Posted by: Lisa Hill | December 31, 2013

The Rainbow Troops (2005), by Andrea Hirata, translated by Angie Kilbane

The Rainbow TroopsIt would be easy to be dismissive of this book: The Rainbow Troops is sentimental, moralistic and hagiographic.  The unsubtle proselytising of Islam is irritating,  the representations of people are like cardboard cut-outs, and the writing is very ordinary indeed.

None of this prevented it from becoming a best-seller in Indonesia, where its theme of rich v. poor is a running sore.  The pupils of a small rural school threatened with closure battle the rich and powerful, and they win. It makes people feel good to believe that this can happen  – that tin-mining giants and corrupt unfeeling bureaucracies will be overcome by pity and remorse; and that rich kids will cross the social barriers to abandon their privileged situation, all for love.  A rags-to-riches story like this would be quite harmless, if only it didn’t encourage the status quo amongst privileged readers who will buy the take-home message that if you work hard and believe in yourself, (and pray in the right way at the right time) you too can survive and rise out of poverty.

Marketed on the Random House Australia website as contemporary fiction ‘in the tradition of Slumdog Millionaire and Shantaram‘, The Rainbow Troops is, according to the author bio ‘heart-warming’ marketing at GoodReads, the author’s ‘own story’.  Narrated in first person it never quite resolves its own voice, which moves from child to adult, with naïve adolescent in between.  It seems to be an uneasy blend of memoir and fiction by an author who hasn’t mastered his craft.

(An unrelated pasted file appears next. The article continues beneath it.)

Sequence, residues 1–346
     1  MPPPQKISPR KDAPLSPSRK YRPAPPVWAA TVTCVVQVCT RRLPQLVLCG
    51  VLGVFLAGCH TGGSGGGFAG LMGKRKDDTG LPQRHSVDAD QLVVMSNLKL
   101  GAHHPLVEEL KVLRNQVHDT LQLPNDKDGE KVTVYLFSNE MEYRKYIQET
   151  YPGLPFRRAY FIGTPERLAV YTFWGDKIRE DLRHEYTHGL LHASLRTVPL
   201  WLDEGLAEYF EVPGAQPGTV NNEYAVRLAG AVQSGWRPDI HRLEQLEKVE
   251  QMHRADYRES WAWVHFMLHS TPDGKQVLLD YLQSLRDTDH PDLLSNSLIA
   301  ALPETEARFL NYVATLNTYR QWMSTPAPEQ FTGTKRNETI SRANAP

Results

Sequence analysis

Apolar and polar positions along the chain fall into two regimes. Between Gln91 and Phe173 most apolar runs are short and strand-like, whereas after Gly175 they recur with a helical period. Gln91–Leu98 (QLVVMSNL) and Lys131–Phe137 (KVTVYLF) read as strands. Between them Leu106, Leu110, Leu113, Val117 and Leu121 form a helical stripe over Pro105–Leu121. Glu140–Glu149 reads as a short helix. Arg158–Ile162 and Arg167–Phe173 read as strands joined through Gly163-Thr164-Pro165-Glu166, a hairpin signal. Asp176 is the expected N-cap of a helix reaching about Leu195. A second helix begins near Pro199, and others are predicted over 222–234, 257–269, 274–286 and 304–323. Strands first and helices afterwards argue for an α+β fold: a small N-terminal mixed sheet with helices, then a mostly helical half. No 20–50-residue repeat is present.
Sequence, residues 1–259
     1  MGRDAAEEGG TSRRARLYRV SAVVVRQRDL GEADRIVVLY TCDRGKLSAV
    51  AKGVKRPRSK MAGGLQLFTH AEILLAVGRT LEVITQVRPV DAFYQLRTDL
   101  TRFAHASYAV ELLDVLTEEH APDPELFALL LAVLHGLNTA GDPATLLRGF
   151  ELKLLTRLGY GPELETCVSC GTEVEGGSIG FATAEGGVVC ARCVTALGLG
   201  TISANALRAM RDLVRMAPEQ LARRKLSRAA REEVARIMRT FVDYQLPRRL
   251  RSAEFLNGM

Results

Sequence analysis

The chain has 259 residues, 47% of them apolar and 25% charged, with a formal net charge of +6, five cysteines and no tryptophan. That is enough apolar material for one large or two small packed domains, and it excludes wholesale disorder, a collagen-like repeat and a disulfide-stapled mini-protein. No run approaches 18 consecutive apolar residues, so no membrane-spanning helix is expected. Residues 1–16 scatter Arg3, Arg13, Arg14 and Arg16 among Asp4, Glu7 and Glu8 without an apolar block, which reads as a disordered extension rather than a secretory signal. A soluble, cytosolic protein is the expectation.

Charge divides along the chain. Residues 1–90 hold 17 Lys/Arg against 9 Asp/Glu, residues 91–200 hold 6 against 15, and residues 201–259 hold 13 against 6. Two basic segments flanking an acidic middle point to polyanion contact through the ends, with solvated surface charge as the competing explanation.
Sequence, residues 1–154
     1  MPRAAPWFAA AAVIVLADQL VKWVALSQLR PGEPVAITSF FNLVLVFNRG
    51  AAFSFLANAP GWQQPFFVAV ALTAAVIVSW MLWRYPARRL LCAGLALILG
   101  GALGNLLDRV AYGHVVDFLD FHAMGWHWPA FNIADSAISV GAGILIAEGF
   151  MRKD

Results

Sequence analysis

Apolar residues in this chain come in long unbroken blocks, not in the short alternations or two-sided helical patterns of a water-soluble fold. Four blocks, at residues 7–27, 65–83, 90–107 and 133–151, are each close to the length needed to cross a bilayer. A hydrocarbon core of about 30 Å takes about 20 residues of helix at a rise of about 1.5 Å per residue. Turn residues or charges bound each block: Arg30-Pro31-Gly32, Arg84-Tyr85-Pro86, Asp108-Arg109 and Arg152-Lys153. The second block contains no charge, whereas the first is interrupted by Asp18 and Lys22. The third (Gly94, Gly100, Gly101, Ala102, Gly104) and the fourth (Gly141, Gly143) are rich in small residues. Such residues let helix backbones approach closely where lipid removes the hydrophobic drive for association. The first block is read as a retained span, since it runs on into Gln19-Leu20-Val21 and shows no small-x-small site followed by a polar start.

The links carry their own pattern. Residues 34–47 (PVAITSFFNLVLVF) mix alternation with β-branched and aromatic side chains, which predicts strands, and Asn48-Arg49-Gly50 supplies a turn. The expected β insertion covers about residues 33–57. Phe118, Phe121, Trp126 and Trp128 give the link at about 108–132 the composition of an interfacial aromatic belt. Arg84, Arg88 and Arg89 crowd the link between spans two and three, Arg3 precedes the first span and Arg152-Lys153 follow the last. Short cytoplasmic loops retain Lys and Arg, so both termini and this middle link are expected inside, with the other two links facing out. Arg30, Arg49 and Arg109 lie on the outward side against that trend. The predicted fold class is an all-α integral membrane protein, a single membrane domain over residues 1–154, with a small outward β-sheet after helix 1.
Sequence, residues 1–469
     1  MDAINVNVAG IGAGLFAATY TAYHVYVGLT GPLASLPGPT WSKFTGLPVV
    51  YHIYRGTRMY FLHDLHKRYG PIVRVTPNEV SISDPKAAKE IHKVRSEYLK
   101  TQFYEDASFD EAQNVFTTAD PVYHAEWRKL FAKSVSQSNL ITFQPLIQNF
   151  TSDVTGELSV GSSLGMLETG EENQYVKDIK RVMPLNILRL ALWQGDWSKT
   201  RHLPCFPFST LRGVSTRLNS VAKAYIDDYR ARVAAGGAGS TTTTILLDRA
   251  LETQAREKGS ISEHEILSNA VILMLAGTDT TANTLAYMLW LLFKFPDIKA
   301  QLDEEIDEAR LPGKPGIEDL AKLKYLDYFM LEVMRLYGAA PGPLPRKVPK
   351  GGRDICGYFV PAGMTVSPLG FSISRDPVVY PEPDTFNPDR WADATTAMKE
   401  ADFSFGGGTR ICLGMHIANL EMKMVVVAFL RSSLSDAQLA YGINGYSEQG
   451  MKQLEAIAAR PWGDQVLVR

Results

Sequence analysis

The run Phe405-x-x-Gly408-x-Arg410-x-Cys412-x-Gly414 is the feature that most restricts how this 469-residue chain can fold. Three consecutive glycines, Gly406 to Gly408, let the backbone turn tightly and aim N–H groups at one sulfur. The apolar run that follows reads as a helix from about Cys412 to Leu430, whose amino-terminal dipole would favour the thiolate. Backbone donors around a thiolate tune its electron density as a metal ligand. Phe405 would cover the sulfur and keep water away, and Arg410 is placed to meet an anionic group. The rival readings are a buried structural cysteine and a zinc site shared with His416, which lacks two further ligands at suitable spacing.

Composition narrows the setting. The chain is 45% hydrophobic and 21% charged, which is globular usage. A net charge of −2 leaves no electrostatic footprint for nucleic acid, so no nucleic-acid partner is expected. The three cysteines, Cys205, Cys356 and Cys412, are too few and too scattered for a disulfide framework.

But what makes The Rainbow Troops worthwhile reading for Indonesia’s neighbours in Australia is its depiction of village life in a developing nation.  Despite Indonesia’s proximity and its importance as the world’s largest Islamic democracy, most Australians know very little about Indonesia, and if they’ve been there at all, it’s most probably been to swan about in resorts, enjoying the kind of luxury they can only fantasise about at home, or to backpack around its surf coasts on the cheap.  If the Australian media takes any interest in Indonesia, it’s to rehash the Timorese problem (which makes Australians feel virtuous); to stir up interest in secession movements in Papua New Guinea or Aceh (which makes Australians feel hopeful that Indonesia will fall apart and ‘the threat’ will therefore go away); to indulge megaphone diplomacy over the asylum-seeker issue (which makes Australians feel indignant); or to show the Presidential Palace in all its gilt-laden Baroque glory (which makes Australians feel smug about their phony egalitarianism).  Even when Indonesia celebrated 50 years of independence, the Australian media could not bring itself to report on our neighbour’s astonishing progress with literacy rates, life expectancy and yes, its success in creating a nation state from its diverse peoples.  Compared to de-colonisation in Africa, the achievement of newly independent southeast Asian nations is – despite the problems – a miracle.  But alas, these days the Australian media notes Indonesian Independence Day through the tired old prism of news about whether a female drug courier did, or didn’t get, a remission on her sentence. I hate seeing my fellow-countrymen short-changed with a populist agenda like this, it isn’t fair to anyone…